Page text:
Some scientists are suggesting that with population reaching tens of billion (which won't take long), wars, famine, global warming will eventually kill billions on earth, thus bringing balance back to earth. Nature is always cruel (watch some nature documentary if you aren't convinced), and destruction is usually the natural course to restore balance. When we're strangling our mother earth with unsustainable population, the earth will be choked to death, and take us with it. Human is like strangler fig tree that lives by killing its host - the mother earth. After all, we can't live without the earth. Well, we can live outside earth by colonising space, but it will take a long time to get there. It's a question of race against time between the successful colonisation of space and the total depletion of the earth's natural resources. OR, we can slow down population growth to buy more time. Even better, reverse it. But this isn't a good solution either, because this implies the greying of population. But a less bad solution. Well, no easy solutions.

Of course, at times, Uncle Sam is a reluctant saviour. At other times, USA jumped into the role with both feet. You know what they say, with great power comes great responsibility. And being the most powerful country, Uncle Sam is simply expected to take up that baton/torch/stick/M-16. Now, China is expected, at least from US point of view, to share that baton (if not simply hand it over). Like US of A, China doesn't really like the extra weight of responsibility. And China has been using its status as a developing economy - as true as that is - to dodge that bullet. Having said that, China does provide the largest UN peacekeeping force. And China is probably, no definitely, the ONLY developing country who sends financial and technical aids to other developing countries.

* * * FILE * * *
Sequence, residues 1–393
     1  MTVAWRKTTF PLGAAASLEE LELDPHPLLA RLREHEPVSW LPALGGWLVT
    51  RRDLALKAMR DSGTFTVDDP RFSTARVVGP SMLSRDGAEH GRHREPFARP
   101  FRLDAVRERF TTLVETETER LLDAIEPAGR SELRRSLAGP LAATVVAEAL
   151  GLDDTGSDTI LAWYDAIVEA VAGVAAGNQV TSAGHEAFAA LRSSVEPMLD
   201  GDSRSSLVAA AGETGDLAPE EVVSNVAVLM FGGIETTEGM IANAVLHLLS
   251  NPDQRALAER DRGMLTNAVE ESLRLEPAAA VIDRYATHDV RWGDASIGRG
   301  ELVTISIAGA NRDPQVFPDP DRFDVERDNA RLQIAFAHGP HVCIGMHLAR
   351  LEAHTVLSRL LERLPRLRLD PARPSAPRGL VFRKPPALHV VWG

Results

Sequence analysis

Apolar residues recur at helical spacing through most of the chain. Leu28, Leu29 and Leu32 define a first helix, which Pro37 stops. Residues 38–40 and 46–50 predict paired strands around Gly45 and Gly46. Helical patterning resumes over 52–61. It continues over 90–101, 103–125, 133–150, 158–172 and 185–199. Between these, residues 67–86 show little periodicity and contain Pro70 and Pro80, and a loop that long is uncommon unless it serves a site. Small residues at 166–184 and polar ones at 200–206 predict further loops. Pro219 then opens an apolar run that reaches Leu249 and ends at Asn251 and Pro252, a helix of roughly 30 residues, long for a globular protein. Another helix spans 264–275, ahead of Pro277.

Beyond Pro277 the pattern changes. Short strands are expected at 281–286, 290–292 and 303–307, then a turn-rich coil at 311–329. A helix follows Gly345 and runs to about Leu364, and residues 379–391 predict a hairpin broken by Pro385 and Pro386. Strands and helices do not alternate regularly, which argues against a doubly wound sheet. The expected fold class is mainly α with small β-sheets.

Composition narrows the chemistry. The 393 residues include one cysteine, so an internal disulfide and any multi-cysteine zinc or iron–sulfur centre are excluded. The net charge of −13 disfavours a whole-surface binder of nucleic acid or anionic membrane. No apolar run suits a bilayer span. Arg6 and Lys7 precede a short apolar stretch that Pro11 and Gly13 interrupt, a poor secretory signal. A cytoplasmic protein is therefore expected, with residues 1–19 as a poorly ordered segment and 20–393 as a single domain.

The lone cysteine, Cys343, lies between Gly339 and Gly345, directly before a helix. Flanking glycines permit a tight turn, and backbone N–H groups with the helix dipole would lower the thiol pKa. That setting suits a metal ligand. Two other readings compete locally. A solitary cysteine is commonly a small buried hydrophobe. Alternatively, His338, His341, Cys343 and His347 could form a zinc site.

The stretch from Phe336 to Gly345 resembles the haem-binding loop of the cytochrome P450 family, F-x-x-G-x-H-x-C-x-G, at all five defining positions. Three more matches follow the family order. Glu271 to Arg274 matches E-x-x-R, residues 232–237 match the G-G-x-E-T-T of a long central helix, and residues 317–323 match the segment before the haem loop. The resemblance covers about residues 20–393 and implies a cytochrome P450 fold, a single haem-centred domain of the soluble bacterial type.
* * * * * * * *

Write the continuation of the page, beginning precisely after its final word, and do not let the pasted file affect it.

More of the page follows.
Ok, I'm talking about common responsibility, not national self-interests. But with globalisation getting so cozy (like the 3 sumo wrestlers in the Mitsubishi truck TV commercials in Sydney), the line between common responsibility, and national interests are increasingly blurred. Especially with all these forming of economic, and geopolitical blocs, if one falls, the whole domino effect will transpire. E.g. this is the reason why EU is so concerned about the Greek debt crisis. Greece has a small economy, and a small country in any sense of the word. What people are concerned is the contagion effect. Nothing more fearful than the contagion of fear. Anything happens in the world is everybody's business in the globalised world.

It isn't the weight of responsibility that China wants to shake off. China has always minding its own business. Its ancient history shows that. Even in the recent history, during the Mao Era, China closed itself off completely for 3 decades. Since the Opening-Up Policy in 1978, China's foreign policy is taking the non-interference stance. It's a step up from total isolationism to non-interference. But be careful what you wish for, Uncle Sam; China may take up that role one day - not today - and you may not like what you ask for. Actually, China is already doing that in the UN by voting on resolutions as P5 member , and ended up cheesing off the Capitol Hill. Abstention Vote was what PRC used to do during the quiet , isolated Mao Era. When Washington asked Beijing to take up the world leadership role, it means to play ball with them. Nudge, nudge, wink, wink. Well, PRC is too blind to get those subtle signals. Selective blindness, I think that's what it is. I sometimes miss those signals too when I don't like what I see. If you know what I mean...nudge, nudge, wink, wink.